The University of the Third Age (U3A) is a group of retired and semi-retired people who wish to pursue their hobbies or interests.
Recently, some of the Soar Valley U3A went down the East Leake gypsum mine and found that it really is as big as they say it is. It stretches for miles and miles.
After a serious health and safety talk – a mine is a dangerous place – we drove down the entrance tunnel and on into the ‘main highway’ towards Costock and Rempstone, one of the many different seams that is currently being mined.
It really is a different and fascinating world. Vast caverns stretch on and on, illuminated by the lights of our jeeps and the glow of our safety lamps.
If I were very rich I would try to make a zombie film down there, for to the uninitiated, it is an eerie, spooky and fascinating place.
Underground, the machinery claws at the rock in perfectly straight lines, but leaves thick walls still standing.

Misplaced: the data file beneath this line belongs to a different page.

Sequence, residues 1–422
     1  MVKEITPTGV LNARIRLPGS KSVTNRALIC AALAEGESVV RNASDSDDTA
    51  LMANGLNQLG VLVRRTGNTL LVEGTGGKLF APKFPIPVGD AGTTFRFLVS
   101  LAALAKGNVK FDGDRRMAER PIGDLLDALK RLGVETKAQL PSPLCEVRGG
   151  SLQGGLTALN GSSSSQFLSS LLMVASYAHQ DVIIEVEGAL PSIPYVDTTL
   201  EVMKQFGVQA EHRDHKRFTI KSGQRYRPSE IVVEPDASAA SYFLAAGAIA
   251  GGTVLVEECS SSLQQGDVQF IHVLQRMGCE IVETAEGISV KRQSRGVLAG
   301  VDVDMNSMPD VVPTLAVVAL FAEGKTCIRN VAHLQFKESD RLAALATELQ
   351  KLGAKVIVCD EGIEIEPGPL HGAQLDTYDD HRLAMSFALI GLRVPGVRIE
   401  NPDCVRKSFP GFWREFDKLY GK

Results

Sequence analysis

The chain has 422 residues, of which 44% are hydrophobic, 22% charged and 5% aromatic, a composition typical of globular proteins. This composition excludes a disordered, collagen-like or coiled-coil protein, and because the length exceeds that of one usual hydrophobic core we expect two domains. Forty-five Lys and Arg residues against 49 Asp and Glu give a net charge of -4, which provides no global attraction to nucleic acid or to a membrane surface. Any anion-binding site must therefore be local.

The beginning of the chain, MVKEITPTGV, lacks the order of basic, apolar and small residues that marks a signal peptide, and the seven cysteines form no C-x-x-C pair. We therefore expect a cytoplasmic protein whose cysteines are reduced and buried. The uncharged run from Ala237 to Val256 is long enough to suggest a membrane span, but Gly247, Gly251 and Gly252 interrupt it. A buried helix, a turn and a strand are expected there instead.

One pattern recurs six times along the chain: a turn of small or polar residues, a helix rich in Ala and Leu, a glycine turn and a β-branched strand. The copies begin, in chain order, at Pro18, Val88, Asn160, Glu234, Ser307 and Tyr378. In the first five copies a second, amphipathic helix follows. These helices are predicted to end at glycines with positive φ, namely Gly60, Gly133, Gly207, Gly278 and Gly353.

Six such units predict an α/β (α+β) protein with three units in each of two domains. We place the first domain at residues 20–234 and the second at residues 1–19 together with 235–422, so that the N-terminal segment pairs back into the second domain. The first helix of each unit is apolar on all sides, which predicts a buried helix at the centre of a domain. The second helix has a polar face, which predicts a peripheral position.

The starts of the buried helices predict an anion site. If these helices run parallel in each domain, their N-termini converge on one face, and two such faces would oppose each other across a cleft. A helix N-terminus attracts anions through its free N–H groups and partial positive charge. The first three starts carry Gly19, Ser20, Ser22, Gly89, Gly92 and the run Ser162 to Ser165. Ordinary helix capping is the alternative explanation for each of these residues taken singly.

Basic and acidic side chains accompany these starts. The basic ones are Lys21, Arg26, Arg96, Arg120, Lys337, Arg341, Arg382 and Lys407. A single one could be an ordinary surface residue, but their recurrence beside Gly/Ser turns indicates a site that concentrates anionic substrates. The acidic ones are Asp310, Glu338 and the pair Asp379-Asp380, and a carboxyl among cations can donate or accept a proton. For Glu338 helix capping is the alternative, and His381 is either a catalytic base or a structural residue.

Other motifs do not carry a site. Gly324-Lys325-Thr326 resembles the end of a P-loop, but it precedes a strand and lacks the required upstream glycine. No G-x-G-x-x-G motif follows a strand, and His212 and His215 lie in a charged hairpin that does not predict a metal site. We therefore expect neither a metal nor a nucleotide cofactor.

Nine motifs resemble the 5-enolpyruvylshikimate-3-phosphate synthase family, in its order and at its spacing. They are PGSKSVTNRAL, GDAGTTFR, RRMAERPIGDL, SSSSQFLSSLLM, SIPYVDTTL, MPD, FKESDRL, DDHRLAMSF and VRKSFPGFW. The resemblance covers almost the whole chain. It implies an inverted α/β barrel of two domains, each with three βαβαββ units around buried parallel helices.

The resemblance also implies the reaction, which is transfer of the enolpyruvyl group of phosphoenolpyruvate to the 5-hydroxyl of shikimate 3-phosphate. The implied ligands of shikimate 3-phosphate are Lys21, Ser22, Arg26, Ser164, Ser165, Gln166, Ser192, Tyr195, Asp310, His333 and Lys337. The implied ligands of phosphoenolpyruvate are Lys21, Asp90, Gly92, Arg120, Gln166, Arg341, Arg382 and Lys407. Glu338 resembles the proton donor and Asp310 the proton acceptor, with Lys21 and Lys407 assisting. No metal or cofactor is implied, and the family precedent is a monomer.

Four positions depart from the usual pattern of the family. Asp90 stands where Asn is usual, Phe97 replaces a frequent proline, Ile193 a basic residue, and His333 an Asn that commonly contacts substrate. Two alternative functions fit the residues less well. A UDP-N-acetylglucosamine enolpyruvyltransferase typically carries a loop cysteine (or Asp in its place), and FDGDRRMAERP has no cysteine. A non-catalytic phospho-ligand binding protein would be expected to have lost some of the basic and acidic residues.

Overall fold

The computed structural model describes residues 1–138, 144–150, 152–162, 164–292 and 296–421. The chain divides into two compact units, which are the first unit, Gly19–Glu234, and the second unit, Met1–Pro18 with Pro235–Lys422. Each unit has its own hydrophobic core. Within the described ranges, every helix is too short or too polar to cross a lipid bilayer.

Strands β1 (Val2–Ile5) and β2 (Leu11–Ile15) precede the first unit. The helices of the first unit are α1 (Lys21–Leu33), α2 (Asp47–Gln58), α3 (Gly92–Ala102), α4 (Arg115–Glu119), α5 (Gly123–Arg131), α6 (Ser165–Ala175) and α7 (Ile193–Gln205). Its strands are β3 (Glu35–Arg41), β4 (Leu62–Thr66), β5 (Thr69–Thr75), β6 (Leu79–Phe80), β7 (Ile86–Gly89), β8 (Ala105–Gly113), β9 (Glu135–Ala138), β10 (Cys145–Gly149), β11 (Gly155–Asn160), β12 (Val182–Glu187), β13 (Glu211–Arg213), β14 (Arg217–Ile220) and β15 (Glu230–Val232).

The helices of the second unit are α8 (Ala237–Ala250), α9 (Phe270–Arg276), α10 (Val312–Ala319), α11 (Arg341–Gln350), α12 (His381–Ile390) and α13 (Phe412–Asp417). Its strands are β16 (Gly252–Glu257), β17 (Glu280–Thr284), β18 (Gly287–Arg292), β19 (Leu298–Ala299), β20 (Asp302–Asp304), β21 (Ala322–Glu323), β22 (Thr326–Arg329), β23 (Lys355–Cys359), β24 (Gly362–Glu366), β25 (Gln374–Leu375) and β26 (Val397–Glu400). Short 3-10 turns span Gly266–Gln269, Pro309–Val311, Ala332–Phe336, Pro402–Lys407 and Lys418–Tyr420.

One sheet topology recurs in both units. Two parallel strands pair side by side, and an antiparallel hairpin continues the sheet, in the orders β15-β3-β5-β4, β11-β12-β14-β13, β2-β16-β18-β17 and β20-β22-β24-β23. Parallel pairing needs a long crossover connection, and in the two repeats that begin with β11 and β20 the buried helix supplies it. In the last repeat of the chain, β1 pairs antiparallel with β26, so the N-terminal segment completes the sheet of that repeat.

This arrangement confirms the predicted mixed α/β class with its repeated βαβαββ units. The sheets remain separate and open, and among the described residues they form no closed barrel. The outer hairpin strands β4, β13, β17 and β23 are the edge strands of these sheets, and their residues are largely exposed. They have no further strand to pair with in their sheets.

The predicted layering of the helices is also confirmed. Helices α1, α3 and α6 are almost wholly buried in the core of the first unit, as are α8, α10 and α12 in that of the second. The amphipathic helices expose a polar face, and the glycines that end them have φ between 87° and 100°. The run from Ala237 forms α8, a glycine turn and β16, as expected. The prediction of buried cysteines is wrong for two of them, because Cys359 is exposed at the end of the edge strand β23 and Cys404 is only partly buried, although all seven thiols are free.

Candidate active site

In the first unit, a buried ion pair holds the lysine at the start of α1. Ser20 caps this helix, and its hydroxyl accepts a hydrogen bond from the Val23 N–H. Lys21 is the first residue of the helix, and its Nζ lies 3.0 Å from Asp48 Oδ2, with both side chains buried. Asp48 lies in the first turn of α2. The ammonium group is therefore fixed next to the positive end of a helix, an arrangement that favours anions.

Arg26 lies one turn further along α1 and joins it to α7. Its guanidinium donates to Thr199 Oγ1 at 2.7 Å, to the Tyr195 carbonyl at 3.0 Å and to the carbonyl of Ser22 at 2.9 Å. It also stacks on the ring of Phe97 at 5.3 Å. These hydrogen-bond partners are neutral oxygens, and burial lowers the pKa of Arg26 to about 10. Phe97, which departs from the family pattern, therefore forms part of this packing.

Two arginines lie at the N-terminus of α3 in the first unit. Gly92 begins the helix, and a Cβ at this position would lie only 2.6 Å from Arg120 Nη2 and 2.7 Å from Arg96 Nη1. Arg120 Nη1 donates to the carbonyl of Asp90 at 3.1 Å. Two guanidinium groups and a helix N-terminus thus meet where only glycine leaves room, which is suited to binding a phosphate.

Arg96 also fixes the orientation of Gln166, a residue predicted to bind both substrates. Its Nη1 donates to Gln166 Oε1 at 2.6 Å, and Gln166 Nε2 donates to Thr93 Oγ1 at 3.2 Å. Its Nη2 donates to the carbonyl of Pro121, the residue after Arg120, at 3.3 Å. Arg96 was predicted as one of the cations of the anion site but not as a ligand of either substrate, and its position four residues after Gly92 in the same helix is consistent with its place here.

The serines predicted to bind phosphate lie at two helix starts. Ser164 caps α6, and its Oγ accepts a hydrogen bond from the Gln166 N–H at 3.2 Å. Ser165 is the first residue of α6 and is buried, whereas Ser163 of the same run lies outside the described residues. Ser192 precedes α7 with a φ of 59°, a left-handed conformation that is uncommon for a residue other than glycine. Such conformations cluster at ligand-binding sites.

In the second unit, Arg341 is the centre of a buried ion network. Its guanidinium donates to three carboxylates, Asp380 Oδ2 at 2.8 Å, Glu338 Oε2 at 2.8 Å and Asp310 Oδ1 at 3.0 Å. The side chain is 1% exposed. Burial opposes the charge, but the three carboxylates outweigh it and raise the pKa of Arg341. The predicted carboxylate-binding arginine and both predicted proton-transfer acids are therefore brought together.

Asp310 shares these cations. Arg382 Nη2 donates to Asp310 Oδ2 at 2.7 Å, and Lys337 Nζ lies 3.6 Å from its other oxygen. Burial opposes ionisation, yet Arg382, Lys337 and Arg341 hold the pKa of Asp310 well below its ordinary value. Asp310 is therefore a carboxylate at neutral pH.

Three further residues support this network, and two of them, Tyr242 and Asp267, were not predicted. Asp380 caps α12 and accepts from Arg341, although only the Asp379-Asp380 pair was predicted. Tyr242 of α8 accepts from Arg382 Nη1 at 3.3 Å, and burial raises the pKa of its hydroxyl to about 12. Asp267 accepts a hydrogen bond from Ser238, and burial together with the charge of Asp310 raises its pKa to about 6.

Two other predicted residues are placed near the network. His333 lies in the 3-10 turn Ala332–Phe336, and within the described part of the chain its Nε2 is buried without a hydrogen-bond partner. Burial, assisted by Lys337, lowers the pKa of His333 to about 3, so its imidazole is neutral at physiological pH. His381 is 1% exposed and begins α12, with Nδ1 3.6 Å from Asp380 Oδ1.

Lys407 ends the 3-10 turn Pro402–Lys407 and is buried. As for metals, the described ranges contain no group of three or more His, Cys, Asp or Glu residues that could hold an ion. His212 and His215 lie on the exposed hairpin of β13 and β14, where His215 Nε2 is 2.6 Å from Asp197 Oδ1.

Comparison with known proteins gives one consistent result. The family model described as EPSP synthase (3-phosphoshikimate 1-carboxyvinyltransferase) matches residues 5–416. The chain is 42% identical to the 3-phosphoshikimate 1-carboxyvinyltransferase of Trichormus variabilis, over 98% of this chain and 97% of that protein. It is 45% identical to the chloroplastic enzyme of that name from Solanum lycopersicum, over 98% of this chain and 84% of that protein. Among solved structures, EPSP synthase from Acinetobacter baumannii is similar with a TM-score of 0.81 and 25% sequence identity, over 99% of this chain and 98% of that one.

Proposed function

These walls hold up the ceiling and prevent any collapse. The seam is then mined in a crisis-cross fashion leaving behind a perfectly-crafted shape much like a honeycomb, but instead of honey, it is gypsum that has been extracted.
Gypsum is, in chemical terms, Calcium Sulphate. It is created by the evaporation of a vast sea, which once covered this area and is what is left behind, along with the mud.
It is this mixture that gives the rock a brown colour in which the gleaming lines of white gypsum crystals can be seen. Crystals that glow and reflect in the light.
Our thanks go to all at the mine who helped to make our journey so interesting and fun. We enjoyed ourselves.
By Adrian Cambden